26 - 04 - 2013
Indians are getting more open about their craving for the risqué — from literature and movies, to costumes and sex toys. Markets are only too happy to keep up. Joanna Lobo examines how erotica entered the mainstream
When Samir Saraiya told his mother about his new business, this was her reaction: “Why can’t you do something that has some prestige associated with it?”
No wonder then that Saraiya, founder of an e-commerce site selling adult merchandise, was initially hesitant to talk about his new enterprise.
But once thatspersonal.com was born and attracted global and local media attention, Saraiya figured it was time to stop hiding. Now, he proudly talks of how “fun stuff like body paint, bikini shaving kits and role-playing costumes are selling out” and how “people keep sending in their resumes saying they want to work for him”.
RIP uptight India?
The launch of websites like thatspersonal.com, buyundercover.com and the proposed launch of imbesharam.com have one thing in common — they deal in adult merchandise and indicate that there is a demand in ‘uptight’ India for such products.
Of course there is, says Saraiya, quoting market research that shows that 5-10% of global searches for adult lotions, erotic lingerie, adult literature and games originate from India. The legal market for adult merchandise is still very small because our hypocritical attitude towards anything even remotely related to sex makes it difficult for anyone to source adult merchandise without the fear of being slapped with an ‘obscenity’ suit.
Now, armed with a bunch of lawyers who are experts in internet and obscenity laws, some entrepreneurs are addressing the demand for adult merchandise through the relative anonymity of online shopping.
It’s the demand, silly
Thatspersonal.com began in January and stocks 20-25 international and Indian brands. Most of their launch stock sold out before Valentine’s Day. “The sale volumes are indicative of an unmet demand,” says Saraiya.
You can buy ‘sexual wellness’ products like massage oils, lubricants, lotions and creams, condoms, erotic edibles, shavers, deodorants, games, gifts, literature and even men’s lingerie from thatspersonal.com. “I get feedback from customers thanking me, and even suggesting other products I should stock,” he adds.
It’s evident that there is a demand. The year-old site buyundercover.com, that sells racy lingerie, costumes and other accessories, has seen a 50% month on month growth in sales.
The online store imbesharam.com hasn’t begun operations in India yet but it’s already attracted over 1,00,000 fans on Facebook.
“Imbesharam.com is that one-stop shop for Indians to browse, shop and experiment with products and experiences they have desired for a while, but did not have a suitable outlet to look at,” says Raj Ar, one of its co-founders.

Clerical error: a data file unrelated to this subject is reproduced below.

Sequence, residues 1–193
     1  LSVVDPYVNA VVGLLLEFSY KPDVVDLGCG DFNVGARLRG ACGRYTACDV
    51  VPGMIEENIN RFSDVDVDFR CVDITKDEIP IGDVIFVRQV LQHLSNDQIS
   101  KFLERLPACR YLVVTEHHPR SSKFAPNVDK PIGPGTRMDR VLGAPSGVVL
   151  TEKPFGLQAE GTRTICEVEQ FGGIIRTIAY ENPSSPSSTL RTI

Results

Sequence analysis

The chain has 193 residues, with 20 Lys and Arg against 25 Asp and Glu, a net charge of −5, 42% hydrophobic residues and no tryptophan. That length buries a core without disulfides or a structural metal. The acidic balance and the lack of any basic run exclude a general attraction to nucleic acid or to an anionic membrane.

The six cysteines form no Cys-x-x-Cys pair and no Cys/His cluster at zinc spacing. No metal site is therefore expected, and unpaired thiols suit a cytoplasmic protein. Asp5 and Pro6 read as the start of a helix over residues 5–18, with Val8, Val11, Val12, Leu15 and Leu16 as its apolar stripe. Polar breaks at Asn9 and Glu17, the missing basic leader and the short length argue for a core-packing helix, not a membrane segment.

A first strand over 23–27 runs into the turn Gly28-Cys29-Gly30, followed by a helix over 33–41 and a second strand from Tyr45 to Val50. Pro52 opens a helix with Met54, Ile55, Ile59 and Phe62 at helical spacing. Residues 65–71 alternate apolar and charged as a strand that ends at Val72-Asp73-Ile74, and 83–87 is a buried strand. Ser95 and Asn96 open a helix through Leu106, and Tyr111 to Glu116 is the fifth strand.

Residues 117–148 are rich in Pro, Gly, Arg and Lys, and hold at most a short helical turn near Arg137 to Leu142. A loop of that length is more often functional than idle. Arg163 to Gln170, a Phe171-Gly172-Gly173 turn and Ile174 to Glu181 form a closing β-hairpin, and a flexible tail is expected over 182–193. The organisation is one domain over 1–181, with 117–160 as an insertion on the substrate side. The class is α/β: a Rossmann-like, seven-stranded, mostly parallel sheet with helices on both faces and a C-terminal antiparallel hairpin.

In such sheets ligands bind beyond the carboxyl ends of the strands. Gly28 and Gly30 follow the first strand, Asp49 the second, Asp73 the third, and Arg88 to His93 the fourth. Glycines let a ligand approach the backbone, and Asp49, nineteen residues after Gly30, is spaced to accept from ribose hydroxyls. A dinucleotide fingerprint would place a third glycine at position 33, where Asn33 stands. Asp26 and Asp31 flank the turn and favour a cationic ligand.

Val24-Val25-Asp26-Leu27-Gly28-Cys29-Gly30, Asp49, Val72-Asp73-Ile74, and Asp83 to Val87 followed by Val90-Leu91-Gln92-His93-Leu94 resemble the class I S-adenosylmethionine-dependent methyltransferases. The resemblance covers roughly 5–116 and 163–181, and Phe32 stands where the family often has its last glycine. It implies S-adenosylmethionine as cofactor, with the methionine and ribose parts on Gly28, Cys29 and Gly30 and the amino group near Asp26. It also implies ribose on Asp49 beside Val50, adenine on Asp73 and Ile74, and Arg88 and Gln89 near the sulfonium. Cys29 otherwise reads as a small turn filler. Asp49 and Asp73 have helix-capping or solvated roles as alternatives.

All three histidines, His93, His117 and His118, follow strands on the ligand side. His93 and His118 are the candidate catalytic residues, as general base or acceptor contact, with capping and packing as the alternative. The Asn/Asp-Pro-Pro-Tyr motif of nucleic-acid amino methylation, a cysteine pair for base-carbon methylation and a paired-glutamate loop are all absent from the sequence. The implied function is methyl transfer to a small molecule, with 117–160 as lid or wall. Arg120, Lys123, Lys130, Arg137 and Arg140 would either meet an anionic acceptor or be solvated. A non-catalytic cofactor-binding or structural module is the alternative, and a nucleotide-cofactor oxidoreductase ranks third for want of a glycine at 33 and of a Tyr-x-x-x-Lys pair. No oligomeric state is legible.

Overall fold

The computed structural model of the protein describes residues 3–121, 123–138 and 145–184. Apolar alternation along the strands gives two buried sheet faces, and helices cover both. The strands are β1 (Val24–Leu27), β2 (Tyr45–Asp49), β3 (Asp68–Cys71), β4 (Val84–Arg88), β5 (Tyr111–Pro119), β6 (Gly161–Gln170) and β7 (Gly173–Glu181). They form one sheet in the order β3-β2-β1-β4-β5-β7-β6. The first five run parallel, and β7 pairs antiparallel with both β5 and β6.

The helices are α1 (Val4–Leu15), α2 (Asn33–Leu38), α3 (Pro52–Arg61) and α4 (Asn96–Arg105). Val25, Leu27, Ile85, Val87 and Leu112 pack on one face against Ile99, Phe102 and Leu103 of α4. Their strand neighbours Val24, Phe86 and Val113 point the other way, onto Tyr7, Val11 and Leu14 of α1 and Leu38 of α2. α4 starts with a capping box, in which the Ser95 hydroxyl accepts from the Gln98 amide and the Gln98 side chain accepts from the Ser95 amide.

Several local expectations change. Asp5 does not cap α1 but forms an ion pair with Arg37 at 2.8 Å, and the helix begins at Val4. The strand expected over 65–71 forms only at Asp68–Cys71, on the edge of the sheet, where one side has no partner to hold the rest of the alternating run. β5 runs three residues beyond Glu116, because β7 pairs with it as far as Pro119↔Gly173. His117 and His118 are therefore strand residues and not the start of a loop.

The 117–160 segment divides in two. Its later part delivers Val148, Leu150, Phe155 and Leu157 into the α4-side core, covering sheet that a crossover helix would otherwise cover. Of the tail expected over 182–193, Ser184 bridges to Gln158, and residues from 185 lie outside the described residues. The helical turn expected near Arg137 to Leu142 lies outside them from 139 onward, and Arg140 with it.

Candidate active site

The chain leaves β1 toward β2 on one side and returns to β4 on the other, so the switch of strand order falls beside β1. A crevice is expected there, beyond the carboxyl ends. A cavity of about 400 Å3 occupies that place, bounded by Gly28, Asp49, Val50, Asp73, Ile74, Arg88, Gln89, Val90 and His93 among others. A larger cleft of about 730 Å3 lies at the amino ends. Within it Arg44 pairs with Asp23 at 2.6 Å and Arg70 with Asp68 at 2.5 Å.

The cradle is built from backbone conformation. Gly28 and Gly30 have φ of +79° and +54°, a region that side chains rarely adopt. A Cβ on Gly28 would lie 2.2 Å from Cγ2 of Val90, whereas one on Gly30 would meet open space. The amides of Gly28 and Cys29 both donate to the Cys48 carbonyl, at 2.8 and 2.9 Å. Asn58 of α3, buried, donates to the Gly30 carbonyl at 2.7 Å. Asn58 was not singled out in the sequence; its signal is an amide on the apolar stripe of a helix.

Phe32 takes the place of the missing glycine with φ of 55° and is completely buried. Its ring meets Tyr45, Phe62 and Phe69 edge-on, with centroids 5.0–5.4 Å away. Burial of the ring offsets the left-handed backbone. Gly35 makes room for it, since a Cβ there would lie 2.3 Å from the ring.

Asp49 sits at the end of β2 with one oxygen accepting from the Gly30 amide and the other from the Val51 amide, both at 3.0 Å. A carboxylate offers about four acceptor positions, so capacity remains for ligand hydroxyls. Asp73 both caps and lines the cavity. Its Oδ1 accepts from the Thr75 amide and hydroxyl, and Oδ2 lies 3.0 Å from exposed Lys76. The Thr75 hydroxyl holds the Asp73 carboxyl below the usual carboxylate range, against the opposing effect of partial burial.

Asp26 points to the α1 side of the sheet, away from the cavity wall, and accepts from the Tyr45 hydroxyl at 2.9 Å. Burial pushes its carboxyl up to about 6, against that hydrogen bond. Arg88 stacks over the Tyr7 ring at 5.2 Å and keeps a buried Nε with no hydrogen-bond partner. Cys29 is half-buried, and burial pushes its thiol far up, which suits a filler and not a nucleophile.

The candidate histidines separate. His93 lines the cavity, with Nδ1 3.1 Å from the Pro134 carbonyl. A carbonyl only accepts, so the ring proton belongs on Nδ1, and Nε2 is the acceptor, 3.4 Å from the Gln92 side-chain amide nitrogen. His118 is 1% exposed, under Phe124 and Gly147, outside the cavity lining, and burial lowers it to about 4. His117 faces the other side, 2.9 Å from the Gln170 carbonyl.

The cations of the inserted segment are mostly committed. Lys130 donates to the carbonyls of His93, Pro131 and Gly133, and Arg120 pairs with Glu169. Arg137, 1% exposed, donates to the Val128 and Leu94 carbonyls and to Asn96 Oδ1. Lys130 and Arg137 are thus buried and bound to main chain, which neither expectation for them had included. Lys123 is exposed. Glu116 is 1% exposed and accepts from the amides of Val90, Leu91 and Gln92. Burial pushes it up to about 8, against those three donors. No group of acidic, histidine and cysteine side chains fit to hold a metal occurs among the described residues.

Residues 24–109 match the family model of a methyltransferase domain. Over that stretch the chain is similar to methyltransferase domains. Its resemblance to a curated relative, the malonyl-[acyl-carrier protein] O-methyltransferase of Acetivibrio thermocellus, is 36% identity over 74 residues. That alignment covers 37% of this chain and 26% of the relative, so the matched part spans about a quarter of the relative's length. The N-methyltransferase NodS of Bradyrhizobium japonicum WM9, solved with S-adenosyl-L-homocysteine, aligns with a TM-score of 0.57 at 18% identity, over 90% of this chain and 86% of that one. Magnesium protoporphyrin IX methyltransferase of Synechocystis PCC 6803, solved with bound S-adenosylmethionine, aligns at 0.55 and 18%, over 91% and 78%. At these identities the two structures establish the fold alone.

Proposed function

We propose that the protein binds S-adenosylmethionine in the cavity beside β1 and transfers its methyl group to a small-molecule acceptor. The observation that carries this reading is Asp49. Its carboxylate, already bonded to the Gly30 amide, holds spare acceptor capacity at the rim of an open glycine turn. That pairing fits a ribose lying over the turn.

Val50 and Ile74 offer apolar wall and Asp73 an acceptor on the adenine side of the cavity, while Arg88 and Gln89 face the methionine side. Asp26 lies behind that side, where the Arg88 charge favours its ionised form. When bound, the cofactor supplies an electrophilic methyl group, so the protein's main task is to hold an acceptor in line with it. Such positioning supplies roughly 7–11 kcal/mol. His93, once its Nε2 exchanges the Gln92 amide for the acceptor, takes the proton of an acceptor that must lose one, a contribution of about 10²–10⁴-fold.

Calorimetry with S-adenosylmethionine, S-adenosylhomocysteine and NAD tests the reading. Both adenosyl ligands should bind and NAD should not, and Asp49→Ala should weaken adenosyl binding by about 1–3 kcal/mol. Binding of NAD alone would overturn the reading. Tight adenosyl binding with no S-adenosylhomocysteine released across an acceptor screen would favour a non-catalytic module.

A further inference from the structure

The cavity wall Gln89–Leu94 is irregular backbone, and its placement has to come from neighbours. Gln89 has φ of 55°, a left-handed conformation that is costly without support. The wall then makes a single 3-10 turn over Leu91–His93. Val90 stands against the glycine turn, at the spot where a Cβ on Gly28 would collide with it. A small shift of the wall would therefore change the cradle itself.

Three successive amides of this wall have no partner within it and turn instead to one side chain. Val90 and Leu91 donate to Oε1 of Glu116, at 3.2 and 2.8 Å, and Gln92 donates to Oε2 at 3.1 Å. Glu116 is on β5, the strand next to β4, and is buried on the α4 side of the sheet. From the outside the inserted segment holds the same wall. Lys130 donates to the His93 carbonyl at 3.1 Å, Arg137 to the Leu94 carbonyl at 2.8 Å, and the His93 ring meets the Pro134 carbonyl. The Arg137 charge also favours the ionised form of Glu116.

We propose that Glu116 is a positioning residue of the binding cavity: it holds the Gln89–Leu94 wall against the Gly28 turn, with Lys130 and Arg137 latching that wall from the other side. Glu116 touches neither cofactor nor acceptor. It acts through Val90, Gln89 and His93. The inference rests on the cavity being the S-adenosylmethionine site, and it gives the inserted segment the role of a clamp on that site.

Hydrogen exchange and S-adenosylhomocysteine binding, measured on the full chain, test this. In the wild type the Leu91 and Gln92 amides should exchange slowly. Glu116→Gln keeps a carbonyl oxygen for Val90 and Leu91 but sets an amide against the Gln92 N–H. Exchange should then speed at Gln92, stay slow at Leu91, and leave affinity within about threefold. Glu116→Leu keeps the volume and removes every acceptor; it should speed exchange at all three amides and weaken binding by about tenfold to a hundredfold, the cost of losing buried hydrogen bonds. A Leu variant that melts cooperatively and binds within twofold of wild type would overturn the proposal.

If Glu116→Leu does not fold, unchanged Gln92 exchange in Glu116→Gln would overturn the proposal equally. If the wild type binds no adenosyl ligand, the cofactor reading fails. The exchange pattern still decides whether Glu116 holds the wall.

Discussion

The site has a collection of over 5,000 products that have been approved by consultants familiar with cyber law, customs and import rules and laws pertaining to Indian Penal code 1860 & Customs Act, 1962.
“We only offer products that are allowed to be imported legally,” says Raj, who adds, that during their initial research, they found stores were selling substandard ‘sex toys’ illegally.
Over The years, the Indian market for adult merchandise has been largely underground. Places like Mumbai’s Fort and Delhi’s Palika Bazaar were where people in the know still pick up what they desire surreptitiously. But there isn’t much choice and the quality of products is questionable. Also, women aren’t comfortable shopping in such markets.
“Earlier you would find these products only if you travelled abroad... and how many people had access to such stuff?” says Anaida*, 35, an entrepreneur from Mumbai. She and her friends have bought and used erotic products available online in India and find them to be “quite nice”.
But she hopes the market eases up further to allow for a wider choice.
As far as adult merchandise goes, the strange thing is that there is no law that actually prohibits people from selling sex toys and racy apparel. The problem arises more from the manner in which these products are displayed, says lawyer Lekhesh N Dholakia, who specialises in internet laws.
“Anything that is obscene, or which appeals to the prurient interest of people could be perceived as being ‘obscene’, and that could attract certain provisions of the law,” says Dholakia. Since it is usually believed that sex toys and other erotic products are obscene, they carry the risk of attracting the ‘obscenity’ sections of the law.
“India is not as open a market. It has too many rules and regulations which is perhaps why the choice we consumers get is limited,” says Anaida.
Fighting for freedom
That there has always been a demand in India for risqué business can be seen in the success of the online porn cartoon Savita Bhabhi that started in 2008. It’s another story that censorship laws forced the website to shut down. “I do not think the general Indian male is a prude, but the agenda and actions taken by those in power forces him to keep his desires to himself,” says the toon’s creator, London-based Puneet Agarwal, aka Deshmukh.
Deshmukh is now out with a Savita Bhabhi movie that he plans to release online on May 4, for a price. At last count, he has had 2,00,000 ‘Bhabhians’ sign up for more information about the film. He expects at least 10,000 people to pay to view the film that will be streamed online.
If the film does well, Savita Bhabhi could well pave the way for other risque characters to find a welcoming home here. India, it appears, has grown up and is waiting. Now only if the laws would keep pace.
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